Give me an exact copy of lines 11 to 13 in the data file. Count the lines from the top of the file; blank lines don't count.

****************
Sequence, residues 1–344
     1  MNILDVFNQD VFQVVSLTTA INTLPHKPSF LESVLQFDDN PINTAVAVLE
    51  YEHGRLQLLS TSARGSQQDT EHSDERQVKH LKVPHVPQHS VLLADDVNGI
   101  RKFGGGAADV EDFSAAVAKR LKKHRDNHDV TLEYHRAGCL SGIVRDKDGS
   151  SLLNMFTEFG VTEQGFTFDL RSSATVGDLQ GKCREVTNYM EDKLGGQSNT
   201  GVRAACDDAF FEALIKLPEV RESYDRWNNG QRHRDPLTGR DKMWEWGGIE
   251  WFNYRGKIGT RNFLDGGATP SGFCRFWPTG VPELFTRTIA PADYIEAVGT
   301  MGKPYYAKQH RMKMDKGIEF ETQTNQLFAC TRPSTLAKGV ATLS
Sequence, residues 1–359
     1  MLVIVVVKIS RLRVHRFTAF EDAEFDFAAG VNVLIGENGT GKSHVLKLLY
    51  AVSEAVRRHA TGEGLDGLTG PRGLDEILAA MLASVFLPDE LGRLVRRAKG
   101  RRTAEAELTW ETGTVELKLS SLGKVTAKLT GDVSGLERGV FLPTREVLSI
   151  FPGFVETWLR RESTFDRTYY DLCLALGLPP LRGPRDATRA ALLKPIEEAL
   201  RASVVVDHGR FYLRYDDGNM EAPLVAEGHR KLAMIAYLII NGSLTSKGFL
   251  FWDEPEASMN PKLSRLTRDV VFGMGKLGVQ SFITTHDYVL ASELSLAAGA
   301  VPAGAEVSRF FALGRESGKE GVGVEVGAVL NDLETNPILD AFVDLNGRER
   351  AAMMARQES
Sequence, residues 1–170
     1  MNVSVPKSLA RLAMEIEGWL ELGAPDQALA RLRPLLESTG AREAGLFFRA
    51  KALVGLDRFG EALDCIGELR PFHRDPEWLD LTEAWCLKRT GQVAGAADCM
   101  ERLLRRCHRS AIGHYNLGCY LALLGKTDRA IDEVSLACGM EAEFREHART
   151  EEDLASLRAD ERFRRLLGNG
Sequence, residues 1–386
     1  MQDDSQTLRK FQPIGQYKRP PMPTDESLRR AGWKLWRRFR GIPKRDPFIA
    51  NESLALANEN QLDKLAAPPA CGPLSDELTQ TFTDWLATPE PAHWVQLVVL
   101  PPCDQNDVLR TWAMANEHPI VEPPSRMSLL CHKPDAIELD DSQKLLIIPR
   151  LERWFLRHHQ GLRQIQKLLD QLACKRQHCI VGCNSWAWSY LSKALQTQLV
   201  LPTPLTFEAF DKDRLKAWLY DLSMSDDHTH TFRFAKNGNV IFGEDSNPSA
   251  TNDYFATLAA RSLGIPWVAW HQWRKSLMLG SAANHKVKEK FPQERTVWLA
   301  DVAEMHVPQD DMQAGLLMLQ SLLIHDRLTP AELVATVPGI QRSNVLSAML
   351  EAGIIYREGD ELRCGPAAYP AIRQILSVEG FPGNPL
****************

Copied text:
    51  AVSEAVRRHA TGEGLDGLTG PRGLDEILAA MLASVFLPDE LGRLVRRAKG
   101  RRTAEAELTW ETGTVELKLS SLGKVTAKLT GDVSGLERGV FLPTREVLSI
   151  FPGFVETWLR RESTFDRTYY DLCLALGLPP LRGPRDATRA ALLKPIEEAL